As runners ran the downhill portion, it looked treacherously hard, so I was glad, for the moment, to be running the uphill section. Some runners were running impossibly fast and other were blowing up into hilarious, head-over-heels gymnastics just to get down the mountain. I couldn’t believe they weren’t wearing helmets.

But it wasn’t until I was at the starting line of the uphill section that I realized how difficult my task was going to be. Runners were sent off in an ascending order of times based on the performance of their downhill partner. I had a lot of runners in front of me that I had to try and catch, but as enticing as that was, it wasn’t going to be easy.

The course started with a relatively moderate slope, so the first 10 steps felt like normal trail running. But then the gradient increased from about a 30-degree incline to what seemed like near-vertical and that sent me to an oxygen-depraved stupor and forced me onto all fours for the remainder of the race. I couldn’t believe my breathing and heart rate were immediately maxed out and wondered how I could possibly continue at that level of exertion.

I was moving my arms and legs as fast as I could, but I was gasping for air and everything seemed to be happening in slow motion. The terrain was soft — and, um, very slippery, thanks to the cows that had recently been on the slope — so footing was extremely tenuous, even while wearing very luggy Inov-8 Mudclaw G-260 shoes.

Going Nowhere Fast

Despite my efforts, I wasn’t going anywhere very fast. By the time I reached the halfway point, where there was a flat section over a service road, I was delirious, blurry-eyed and cardiovascularly cooked. I tried to run across that break in the terrain, but instead I wound up stumbling forward and tripping into the hill that continued a few feet away at an even steeper slope.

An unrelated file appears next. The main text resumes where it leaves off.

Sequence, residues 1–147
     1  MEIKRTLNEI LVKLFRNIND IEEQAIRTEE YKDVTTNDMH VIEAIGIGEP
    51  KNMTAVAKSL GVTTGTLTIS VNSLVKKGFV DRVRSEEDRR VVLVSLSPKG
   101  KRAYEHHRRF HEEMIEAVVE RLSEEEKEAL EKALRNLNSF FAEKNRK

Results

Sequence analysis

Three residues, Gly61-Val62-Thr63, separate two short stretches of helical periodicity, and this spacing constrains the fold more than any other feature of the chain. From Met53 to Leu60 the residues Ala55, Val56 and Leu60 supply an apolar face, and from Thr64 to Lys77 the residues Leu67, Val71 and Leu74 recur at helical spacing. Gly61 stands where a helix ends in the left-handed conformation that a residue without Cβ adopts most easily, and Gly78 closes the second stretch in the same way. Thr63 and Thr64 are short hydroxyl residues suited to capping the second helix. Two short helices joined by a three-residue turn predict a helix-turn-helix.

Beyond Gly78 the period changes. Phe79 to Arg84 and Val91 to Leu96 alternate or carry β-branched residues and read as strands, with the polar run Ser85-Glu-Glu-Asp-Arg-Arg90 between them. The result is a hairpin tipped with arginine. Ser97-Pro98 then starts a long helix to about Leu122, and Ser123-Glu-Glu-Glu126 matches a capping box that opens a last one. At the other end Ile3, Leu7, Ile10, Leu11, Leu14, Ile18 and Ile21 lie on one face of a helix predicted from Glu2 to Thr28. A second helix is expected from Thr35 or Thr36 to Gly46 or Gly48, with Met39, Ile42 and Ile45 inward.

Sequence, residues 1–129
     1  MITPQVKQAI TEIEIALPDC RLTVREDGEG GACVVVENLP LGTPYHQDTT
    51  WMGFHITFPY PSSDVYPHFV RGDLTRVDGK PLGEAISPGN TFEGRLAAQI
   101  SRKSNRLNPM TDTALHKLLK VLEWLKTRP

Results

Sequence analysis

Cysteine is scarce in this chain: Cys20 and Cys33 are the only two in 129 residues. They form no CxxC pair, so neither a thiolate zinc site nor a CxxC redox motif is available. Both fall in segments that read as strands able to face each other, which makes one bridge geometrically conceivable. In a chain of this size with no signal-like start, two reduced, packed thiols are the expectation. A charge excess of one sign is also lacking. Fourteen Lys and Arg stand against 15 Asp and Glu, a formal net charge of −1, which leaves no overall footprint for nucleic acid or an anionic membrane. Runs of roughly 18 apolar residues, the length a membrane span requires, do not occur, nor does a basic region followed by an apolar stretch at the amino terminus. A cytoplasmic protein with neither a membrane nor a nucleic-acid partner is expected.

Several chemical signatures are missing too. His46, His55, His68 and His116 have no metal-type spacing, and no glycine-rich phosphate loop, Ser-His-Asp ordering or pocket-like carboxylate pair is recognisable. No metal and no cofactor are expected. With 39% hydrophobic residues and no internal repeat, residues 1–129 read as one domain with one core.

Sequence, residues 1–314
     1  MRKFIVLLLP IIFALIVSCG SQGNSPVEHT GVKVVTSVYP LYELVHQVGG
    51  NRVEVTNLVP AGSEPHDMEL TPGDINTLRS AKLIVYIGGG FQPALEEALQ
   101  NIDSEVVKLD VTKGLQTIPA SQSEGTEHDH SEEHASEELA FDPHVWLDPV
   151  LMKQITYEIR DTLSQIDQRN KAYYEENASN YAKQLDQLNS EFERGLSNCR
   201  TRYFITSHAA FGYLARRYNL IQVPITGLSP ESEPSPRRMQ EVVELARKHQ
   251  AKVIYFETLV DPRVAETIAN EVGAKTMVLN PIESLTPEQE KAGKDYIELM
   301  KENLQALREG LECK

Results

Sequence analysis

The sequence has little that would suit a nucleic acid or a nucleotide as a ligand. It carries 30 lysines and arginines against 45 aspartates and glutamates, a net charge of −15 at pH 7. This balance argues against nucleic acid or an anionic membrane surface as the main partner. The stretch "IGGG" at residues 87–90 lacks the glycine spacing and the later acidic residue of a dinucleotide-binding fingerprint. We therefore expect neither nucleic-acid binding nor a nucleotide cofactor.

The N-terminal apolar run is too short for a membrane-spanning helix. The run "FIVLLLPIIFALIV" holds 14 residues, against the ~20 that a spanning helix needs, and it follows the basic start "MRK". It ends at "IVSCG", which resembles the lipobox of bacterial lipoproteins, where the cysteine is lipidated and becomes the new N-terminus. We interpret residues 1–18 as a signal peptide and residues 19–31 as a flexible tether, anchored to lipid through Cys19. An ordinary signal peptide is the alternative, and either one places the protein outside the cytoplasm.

Scrambling on my hands and feet like a toddler over the mucky ground, I actually managed to pass two other “runners,” but it wasn’t the least bit graceful, athletic or even satisfying. I continued on up the slope, going deeper into oxygen debt and lactic-acid overload. But the faster I tried to move, the slower I seemed to move. 

With music blaring, people screaming and the sight and smell of earthy, organic slippery slime providing a sensory overload, I found myself oddly caught in a moment of suspended animation, a state of bliss. And yes, I was moving at about 24-minute mile pace. 

(I later learned the twentysomething Austrian runner who had the fastest uphill split, Florian Heutberger, did it in three and a half minutes, approximately 15-minute mile pace. Combined with the downhill effort of teammate Roland Dottinger, they easily won the race in 4:58. Let’s just say that Adam and I were much slower.)

Although I had lost connection with my correlative efforts propelling me up the slope, I was doing something right because I was making progress and nearing the finish line on the small platform that typically serves as the starting house for ski racers. I crawled up a slanted wooden platform, grabbed a rope and, without feeling my legs, somehow pulled myself up to the finish.

As I laid on my back hoping my heart would settle down before it would explode, I heard the announcer talking about my family name and slaughterhouses. I wondered how he knew my German ancestors were in the meat-packing business and why my legs felt like raw hamburger starting to sizzle on an open flame.


Brian Metzler was the founding editor of Trail Runner magazine and now serves as a contributing editor.